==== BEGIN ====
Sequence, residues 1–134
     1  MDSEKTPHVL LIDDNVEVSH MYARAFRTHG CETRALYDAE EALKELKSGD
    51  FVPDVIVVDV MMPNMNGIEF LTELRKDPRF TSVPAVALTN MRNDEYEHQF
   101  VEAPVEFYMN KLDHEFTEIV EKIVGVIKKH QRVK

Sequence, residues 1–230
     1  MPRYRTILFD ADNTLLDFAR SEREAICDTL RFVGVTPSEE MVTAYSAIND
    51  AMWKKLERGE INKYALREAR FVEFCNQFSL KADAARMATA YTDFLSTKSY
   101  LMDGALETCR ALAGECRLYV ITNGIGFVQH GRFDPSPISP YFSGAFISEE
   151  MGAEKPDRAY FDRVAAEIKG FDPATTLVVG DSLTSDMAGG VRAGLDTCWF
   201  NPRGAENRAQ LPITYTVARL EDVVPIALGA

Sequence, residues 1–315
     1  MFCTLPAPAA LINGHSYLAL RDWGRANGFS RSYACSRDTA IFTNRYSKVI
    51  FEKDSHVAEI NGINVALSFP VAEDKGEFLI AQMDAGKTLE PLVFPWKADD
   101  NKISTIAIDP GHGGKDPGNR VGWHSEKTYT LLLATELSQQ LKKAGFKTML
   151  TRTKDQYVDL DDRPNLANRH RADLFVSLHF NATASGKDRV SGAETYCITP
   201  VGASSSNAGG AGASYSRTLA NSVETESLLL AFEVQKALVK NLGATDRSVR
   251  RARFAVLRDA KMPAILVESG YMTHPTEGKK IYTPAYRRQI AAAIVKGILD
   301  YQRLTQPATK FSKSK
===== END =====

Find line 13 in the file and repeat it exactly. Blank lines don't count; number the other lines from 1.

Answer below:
    51  FEKDSHVAEI NGINVALSFP VAEDKGEFLI AQMDAGKTLE PLVFPWKADD